Thom Lunshof and co-screenwriter Sam Dijkstra speak about their short ‘Harmonia’
Harmonia tells the story of a student who’s dedication to her rowing team sees her go to extremes, punishing her own body and alienating her from the people around her. But Philine (played with a magnetic dedication by Nora El Koussour) is not the only member of the student body putting herself under pressure. A mysterious voice circles the libraries, common rooms and lecture halls invading the internal monologues of the students and creating an atmosphere of barely contained pressure.
The ambitious 25 minute short has been doing the festival circuit and winning prizes. I caught up with director/ screenwriter Thom Lunshof and co-screenwriter Sam Dijkstra at FEST the New Directors/New Films Festival at Espinho Portugal. Sam tells me about the origins of the project: “We started two years ago with this article about mass hysteria. The more we looked up the more interesting it became for us. Two months into development we started to research but we didn’t know what to do thematically.”
Thom Lunshof continues: “We wanted to do something in our own environment. And one of things we discovered was how much pressure there was for students in an academic context. One in five people in Holland were experiencing a burn out before they were 25 and this was something that caught our attention. So we thought that pressure is something like mass hysteria and so we created a story where there was an event of mass hysteria in a university.”
The look of the film is as polished and smooth as some of the long shots which glide through the library picking out students like victims. It’s bravura work reminiscent of Wim Wenders’ Wings of Desire. “It wasn’t that expensive;” Thom insists. “In film academy terms, it was but our budget didn’t get to 50K which for a short film is fairly normal. It was a big challenge. The production values seem fairly high but that’s really because we were students and we had six months to prepare the movie and a lot of people including our main character, played by Nora El Koussour worked for free. A lot of people worked for free. Some camera people and some grips likewise. They were very experienced but they liked the ambition of what we wanted to achieve.”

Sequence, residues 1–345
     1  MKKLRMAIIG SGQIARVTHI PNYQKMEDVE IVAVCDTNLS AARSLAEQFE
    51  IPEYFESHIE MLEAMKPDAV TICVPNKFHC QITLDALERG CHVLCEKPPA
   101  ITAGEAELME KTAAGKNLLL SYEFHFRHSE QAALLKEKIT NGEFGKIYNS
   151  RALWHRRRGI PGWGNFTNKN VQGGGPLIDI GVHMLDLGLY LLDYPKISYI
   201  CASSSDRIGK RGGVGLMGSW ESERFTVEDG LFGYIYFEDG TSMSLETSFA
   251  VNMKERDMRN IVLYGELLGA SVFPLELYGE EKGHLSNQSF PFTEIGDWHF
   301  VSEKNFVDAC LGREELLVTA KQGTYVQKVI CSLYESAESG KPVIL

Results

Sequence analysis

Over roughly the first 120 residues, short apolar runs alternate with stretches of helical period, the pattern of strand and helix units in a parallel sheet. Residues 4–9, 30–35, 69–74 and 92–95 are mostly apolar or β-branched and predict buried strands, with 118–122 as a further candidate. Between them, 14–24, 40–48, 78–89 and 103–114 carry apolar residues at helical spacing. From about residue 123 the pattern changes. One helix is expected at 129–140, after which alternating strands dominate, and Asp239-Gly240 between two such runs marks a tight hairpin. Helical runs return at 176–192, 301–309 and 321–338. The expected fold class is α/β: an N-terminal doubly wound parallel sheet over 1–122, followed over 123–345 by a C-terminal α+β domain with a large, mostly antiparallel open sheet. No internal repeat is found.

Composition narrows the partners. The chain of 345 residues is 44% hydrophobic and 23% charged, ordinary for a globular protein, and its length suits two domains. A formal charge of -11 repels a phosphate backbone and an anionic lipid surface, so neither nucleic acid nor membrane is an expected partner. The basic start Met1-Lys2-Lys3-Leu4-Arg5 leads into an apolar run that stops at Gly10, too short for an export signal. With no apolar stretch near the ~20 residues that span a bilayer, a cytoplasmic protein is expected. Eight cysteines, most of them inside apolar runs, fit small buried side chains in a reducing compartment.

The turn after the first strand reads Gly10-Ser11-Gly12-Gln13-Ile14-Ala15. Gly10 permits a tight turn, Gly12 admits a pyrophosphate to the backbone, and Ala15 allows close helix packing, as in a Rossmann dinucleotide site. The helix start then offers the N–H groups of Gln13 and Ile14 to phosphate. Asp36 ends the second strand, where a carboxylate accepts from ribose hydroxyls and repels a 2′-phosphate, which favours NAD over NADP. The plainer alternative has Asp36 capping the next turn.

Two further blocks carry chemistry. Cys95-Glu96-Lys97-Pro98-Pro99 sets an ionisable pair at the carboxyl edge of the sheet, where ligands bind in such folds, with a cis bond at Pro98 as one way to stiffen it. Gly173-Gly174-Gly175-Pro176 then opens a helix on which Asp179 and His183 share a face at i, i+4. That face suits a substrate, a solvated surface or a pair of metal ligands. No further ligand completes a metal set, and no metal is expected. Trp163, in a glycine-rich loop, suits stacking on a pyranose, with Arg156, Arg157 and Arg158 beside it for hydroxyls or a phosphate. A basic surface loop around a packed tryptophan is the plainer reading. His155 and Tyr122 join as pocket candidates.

The extended preproduction proved a bonus.
SD: “We knew thematically for a long time what we wanted to do and a lot of our peers came up with their story a lot sooner than us. At one point we had so much research, it became a problem because then when we would try to introduce a story it didn’t capture and include everything we wanted it to. We experimented a lot with our main character. It started with a sister and brother and we wrote a whole screenplay that was a totally different story. So we used that time to experiment and then we would throw things out.”
TL: I invited the crew and the cast very early on in the process. I saw Nora play in a short film in a Dutch festival and I reached out to her and she read the second draft of the script and from then on she was very close to the writing process. She met with me and the DP and the whole crew so that she was imbedded in the whole process of making the film. So it helped when we were shooting the bigger more impressive shots to not lose sight of the human story which is mainly her story. What’s her theme and what’s development, rather than the big flashy long takes.
SD: What’s important about this long takes is that it’s already something that started in the development process. We wanted to show that the whole school was under this pressure and the DOP came up with a very good way of visualising that, but thematically it was always part of the story.
TL: We never spoke about making something that can show off our skills. It came organically. The young filmmakers understand that momentum is vital at this stage of their careers.
SD We’re writing a new script. We’re writing right now as well. It’s nice to think of it as a our Pulp Fiction.
TL: We are also writing a feature film. It is in very early stages. We’re a half year into the writing process. It’s a good place to experiment. Writing a synopsis and treatment for a longer film is something we’ve never done before so we’re also learning. It’s a film school 2.0.
SD: It’s nice to experiment with a long form because when you come back to the short form it makes you look at it differently. When we were writing our first short, it felt like we were crossing the ocean. 25 minutes, that’s so big for us!
TL: We waited a bit because there was corona but now there’s an idea we both love. It’s going to be about man versus nature in the sense of how we are related to nature. Do we still know it. Can we still have a relationship with nature or have we moved past the threshold and we can’t go back? That’s a kind of fake answer but that’s the big thematic area we are interested in.
SD: And we’re approaching it in a genre way. We’re approaching this question.
TL: Some people describe Harmonia as a horror movie, but what we love about film is that we play with genre element. So we’re not making it a complete horror or sci-fi but we’re using elements in order to keep a closer touch on what we want to say.